Analog Devices, Inc. (NYSE: ADI), a global leader in high-performance semiconductors for signal-processing applications and long-time supplier to the medical equipment industry, today announced a collaboration with the Massachusetts Institute of Technology (MIT) to research and develop technologies for next-generation patient monitoring devices. Through MIT’s new Medical Electronic Device Realization Center (MEDRC), senior ADI engineers and MIT research scientists will work side by side developing new technologies for portable devices that can check vital signs, such as heart rate, blood pressure, blood oxygenation and respiratory rate, in the comfort of a patient’s home.
“Thanks to modern technology, medical devices that once were found only in a hospital or doctor’s office are finding their way in different form factors into our homes,” said Patrick O’Doherty, vice president, Healthcare Group, Analog Devices. “Analog Devices is excited to work with MIT on researching new technologies that further the movement of bringing technology into the home and enable medical devices companies to design the next generation of portable, affordable and reliable patient monitoring systems.”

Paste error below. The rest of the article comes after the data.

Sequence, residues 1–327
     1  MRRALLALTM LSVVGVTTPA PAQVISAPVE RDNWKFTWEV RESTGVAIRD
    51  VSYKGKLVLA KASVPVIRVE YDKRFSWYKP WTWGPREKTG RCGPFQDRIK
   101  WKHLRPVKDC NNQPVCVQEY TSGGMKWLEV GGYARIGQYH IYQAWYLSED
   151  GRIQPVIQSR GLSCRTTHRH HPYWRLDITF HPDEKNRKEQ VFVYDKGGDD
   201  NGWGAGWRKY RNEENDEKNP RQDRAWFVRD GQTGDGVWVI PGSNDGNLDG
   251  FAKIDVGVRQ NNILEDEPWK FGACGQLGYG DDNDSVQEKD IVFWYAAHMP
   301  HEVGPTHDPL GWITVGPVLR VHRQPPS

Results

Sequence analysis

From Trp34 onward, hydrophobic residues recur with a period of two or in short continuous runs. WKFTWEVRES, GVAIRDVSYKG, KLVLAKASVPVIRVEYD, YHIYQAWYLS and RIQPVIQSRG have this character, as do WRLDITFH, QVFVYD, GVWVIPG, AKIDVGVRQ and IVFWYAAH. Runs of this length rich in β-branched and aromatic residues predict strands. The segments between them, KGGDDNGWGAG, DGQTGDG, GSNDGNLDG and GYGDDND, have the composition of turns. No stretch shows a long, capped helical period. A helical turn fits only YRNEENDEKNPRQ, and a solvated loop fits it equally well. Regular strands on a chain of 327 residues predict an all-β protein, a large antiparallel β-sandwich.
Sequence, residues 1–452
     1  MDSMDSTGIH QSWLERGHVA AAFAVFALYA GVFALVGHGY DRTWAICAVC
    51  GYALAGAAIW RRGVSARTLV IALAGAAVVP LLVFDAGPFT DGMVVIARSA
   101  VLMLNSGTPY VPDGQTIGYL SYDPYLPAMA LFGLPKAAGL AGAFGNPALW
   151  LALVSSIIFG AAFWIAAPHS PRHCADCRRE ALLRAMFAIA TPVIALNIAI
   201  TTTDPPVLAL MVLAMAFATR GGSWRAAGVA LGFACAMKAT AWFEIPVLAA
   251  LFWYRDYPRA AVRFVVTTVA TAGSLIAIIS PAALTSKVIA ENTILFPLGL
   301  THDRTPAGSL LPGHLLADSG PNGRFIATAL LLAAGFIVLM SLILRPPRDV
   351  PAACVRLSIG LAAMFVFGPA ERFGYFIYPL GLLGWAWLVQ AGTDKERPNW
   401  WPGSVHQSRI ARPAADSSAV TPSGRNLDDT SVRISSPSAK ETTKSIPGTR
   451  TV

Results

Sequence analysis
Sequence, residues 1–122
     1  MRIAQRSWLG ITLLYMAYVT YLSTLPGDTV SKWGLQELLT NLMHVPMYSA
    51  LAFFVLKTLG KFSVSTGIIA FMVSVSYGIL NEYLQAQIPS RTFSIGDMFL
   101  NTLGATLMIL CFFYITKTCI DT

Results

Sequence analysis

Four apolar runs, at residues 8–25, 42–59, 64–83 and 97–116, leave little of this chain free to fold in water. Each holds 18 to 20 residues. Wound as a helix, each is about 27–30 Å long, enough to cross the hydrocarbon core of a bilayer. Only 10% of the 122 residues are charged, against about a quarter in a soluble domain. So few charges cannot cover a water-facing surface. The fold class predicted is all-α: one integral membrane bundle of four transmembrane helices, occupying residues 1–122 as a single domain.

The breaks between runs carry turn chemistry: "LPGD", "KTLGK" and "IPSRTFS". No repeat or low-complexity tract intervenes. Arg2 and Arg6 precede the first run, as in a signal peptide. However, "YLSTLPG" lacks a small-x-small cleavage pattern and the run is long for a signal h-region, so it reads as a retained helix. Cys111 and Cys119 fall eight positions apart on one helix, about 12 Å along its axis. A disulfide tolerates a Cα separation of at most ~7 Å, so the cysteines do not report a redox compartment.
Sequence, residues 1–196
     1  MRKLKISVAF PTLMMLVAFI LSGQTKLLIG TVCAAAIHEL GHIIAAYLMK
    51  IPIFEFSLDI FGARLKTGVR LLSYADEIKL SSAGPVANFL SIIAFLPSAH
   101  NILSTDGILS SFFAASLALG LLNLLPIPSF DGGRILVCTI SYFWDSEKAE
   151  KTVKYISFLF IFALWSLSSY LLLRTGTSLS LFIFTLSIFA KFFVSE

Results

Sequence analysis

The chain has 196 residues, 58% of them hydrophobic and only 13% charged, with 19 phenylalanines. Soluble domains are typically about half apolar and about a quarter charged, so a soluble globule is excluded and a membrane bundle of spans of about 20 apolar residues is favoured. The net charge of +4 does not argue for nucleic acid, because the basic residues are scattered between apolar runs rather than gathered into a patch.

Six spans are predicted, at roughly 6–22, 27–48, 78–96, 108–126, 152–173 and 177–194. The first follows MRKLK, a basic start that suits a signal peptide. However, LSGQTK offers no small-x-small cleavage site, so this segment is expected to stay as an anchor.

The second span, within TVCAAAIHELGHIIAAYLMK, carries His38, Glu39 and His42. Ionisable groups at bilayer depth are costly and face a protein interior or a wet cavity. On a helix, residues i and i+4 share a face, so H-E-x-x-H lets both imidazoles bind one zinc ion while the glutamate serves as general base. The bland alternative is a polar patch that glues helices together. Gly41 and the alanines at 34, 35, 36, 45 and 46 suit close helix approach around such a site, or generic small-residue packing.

According to the Centers for Medicare and Medicaid Services, in 2009 the United States spent more than 50 percent of the $2.5 trillion in healthcare expenditures on hospital care and physician clinical services. Patient monitoring devices employed in the home can significantly reduce these costs by shortening the length of hospital stays and reducing the number of doctor visits required for routine monitoring.
“Moving patient care into the home marks a radical change in how healthcare is delivered and innovative medical devices are essential to making this important shift possible,” said Dr. Charles Sodini, MIT professor and co-founder of the MEDRC. “The goal of our research with ADI is to provide medical device companies with the technology necessary to create continuous vital signs monitoring systems that improve the lives of patients throughout the world.”